HEMMER: We're going to have to being outside, right, Soledad?

O'BRIEN: Absolutely.

HEMMER: Now on the eve of the inauguration, our special series, "What's In It For Me," looks at another second-term issue of concern to average Americans. This morning, it's homeland security. And Kelly Wallace is back with us with part three.

Good morning.


What we wanted to do is talk to people on the front lines when it comes to defending America and find out what they want President Bush to do over the next four years. So, we traveled to Middletown, New Jersey, and this is a place that lost more people in the World Trade Center attacks than any other suburb in the New York area.


CHIEF JOHN POLLINGER, MIDDLETON, N.J. POLICE CHIEF: Is she coming in for a restraining order?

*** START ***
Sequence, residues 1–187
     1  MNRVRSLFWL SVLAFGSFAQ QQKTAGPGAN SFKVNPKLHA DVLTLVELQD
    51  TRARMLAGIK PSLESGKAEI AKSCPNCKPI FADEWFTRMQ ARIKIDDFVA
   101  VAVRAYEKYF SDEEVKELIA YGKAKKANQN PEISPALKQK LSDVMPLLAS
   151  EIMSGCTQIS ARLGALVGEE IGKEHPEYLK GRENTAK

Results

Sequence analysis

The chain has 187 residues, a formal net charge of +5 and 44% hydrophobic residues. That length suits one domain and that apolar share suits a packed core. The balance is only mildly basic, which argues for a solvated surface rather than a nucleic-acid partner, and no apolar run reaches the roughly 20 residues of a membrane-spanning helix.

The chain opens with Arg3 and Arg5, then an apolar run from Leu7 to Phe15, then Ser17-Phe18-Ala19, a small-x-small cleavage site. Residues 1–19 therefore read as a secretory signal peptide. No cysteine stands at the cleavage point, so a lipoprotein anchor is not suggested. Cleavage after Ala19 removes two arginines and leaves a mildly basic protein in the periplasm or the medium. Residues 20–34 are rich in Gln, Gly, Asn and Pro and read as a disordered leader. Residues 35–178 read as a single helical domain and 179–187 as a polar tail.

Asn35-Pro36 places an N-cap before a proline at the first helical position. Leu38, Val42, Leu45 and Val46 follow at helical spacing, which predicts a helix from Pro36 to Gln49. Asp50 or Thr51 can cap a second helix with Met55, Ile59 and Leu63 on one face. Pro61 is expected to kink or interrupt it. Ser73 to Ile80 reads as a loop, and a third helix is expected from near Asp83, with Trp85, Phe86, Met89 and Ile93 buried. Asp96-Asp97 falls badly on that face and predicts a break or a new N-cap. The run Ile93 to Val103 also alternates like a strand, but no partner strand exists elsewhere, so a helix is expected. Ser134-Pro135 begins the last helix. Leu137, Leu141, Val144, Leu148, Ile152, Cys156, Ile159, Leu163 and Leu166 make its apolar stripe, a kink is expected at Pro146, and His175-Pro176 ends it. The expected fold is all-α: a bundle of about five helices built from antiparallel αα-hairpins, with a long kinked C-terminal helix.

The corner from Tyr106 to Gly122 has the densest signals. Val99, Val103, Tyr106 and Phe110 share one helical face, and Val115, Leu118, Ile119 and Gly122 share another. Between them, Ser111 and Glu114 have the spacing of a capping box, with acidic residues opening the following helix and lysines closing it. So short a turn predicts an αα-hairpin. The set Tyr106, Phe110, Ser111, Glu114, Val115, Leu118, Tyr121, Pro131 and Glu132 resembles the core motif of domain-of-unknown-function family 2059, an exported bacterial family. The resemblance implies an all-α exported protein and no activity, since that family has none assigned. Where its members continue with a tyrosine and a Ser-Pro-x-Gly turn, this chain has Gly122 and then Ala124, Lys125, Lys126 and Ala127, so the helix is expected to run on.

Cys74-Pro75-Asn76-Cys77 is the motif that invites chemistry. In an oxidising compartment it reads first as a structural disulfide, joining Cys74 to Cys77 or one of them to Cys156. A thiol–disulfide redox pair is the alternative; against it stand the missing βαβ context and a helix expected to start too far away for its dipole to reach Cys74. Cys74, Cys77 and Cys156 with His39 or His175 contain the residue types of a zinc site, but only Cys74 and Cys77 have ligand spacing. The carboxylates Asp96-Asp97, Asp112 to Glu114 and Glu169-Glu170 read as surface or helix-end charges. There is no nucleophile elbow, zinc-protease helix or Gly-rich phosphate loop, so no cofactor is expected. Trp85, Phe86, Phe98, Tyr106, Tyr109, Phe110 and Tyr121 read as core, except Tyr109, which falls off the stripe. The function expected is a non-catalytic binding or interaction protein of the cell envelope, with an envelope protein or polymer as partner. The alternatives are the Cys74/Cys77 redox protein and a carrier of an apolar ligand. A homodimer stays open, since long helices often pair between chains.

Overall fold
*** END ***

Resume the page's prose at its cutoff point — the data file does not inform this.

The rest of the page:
WALLACE (voice over): Spend time with Middletown's police chief, and you'll see John Pollinger is a no-nonsense kind of guy. He says he lost any tolerance for whining right after the September 11 attacks.

POLLINGER: If those people could somehow reach out from the grave and shake us and say, you don't have any complaints, you don't have problems, the world would be a better place.

WALLACE: The emotions still so raw in the community hardest hit by what happened just across the river three and a half years ago.

(on camera): Do you remember that day like it was yesterday?

POLLINGER: Oh, yes. And I along with everybody else.

WALLACE (voice over): At least once a month, Pollinger says he visits this memorial with tributes to the 37 residents of Middletown, New Jersey, who died in the attacks.